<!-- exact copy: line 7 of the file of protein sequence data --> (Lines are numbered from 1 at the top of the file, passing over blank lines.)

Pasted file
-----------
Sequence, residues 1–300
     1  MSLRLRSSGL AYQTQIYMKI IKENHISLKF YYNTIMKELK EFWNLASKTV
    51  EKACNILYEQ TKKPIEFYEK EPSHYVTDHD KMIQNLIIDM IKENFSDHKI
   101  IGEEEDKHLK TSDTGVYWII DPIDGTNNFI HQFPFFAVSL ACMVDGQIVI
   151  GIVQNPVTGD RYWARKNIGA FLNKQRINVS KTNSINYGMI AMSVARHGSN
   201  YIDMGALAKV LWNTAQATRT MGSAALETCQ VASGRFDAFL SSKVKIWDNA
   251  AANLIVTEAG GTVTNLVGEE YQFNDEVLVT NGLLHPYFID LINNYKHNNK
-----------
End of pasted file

   251  AANLIVTEAG GTVTNLVGEE YQFNDEVLVT NGLLHPYFID LINNYKHNNK